Uptake of preventive treatment for intestinal schistosomiasis among school children in Jinja district, Uganda: a cross sectional study.

Muhumuza S, Olsen A, Katahoire A, Nuwaha F - PLoS ONE (2013)

Comparison between uptake of praziquantel and prevalence of S.mansoni.
© Copyright Policy
Related In: Results  -  Collection

Show All Figures
getmorefigures.php?uid=PMC3646788&req=5

pone-0063438-g001: Comparison between uptake of praziquantel and prevalence of S.mansoni.
Mentions: Uptake of praziquantel in schools with higher prevalence and intensity of infections was generally much higher than in the schools with low prevalence and intensity infection as is shown in Figure 1.

Bottom Line: Of the 285 children who took praziquantel, 142 (49.8%) developed side effects.Of the 725 children who did not take the drug, 522 (72.0%) reported fear of side effects as a major reason for non-uptake.Fear of side effects of praziquantel, lack of knowledge about schistosomiasis transmission and prevention and lack of teacher support are some of the major factors associated with low uptake.

View Article: PubMed Central - PubMed

Affiliation: Makerere University, School of Medicine, Child Health and Development Center, Kampala, Uganda. simonmhmz@yahoo.com

ABSTRACT

Background: In Uganda, the current national health sector strategic and investment plan underscores schistosomiasis as one of the diseases targeted for elimination by the year 2015. However, uptake of treatment among school children is unknown but suspected to be low. We estimated the uptake and predictors of preventive treatment with praziquantel.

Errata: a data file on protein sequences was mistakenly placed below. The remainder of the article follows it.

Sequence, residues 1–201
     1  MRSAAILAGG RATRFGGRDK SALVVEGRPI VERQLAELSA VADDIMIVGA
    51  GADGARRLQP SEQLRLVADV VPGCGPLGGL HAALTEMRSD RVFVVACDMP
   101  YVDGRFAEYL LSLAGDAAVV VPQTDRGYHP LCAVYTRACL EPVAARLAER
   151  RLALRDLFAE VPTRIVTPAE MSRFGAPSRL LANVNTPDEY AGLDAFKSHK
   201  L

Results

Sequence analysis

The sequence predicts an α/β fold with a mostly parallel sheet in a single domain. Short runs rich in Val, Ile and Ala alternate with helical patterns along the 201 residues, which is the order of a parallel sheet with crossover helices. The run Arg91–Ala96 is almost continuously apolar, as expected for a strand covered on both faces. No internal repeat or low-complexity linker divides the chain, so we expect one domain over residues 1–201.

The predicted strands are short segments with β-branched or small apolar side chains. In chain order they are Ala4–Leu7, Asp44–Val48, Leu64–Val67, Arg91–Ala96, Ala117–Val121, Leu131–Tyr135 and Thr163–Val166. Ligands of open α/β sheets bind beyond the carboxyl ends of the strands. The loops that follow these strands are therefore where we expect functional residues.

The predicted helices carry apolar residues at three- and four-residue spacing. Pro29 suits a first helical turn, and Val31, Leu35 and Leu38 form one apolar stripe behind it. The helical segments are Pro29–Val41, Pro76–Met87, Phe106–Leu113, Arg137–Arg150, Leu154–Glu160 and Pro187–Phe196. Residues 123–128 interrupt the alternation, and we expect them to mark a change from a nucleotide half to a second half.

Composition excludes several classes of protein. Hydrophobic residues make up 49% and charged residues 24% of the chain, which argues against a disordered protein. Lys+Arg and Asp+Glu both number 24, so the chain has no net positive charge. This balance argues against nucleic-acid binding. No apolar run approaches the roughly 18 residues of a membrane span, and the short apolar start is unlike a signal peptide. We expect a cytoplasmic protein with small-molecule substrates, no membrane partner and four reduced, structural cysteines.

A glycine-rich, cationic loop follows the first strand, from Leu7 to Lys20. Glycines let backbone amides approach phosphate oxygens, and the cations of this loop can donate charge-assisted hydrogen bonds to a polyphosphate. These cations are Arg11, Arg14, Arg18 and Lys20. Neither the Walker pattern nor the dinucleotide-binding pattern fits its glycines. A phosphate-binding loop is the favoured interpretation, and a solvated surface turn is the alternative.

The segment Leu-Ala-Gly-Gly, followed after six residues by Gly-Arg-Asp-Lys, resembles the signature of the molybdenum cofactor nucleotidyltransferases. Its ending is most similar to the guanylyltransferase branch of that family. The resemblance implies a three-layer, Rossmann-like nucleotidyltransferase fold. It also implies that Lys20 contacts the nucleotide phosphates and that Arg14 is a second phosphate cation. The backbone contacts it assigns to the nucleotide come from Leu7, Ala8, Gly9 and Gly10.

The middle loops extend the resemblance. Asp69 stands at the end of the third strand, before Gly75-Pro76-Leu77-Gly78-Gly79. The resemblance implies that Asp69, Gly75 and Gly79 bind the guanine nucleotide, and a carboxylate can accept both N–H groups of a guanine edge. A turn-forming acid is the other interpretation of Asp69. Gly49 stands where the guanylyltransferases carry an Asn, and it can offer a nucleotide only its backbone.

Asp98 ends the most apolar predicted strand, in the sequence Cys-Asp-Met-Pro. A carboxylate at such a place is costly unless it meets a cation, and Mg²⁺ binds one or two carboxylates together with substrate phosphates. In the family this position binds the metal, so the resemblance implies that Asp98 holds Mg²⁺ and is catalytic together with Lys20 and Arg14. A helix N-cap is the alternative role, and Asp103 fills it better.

Methods: In a cross sectional study carried out in Jinja district of Uganda, a random sample of 1,010 children in 12 primary schools was questioned about their uptake of praziquantel, knowledge and perceptions about schistosomiasis, support for taking preventive treatment and the dangers of taking praziquantel. The prevalence and mean intensity of infection with Schistosoma mansoni were determined.

Results: Self reported uptake of praziquantel at last mass treatment was 28.2% (95% confidence interval (CI): 22.9%-33.6%). Overall prevalence and mean intensity of S. mansoni infection was 35% (95% CI: 25.4%-37.9%) and 116.1 eggs per gram (epg) of stool (95% CI: 98.3-137.1) respectively. Uptake of praziquantel was more likely if a child was from a school with high prevalence of infection, had knowledge about schistosomiasis transmission and prevention, and reported teachers' support to take praziquantel. Of the 285 children who took praziquantel, 142 (49.8%) developed side effects. Of the 725 children who did not take the drug, 522 (72.0%) reported fear of side effects as a major reason for non-uptake.

Conclusions: Uptake of praziquantel in this population is very low. Fear of side effects of praziquantel, lack of knowledge about schistosomiasis transmission and prevention and lack of teacher support are some of the major factors associated with low uptake.

Show MeSH
Related in: MedlinePlus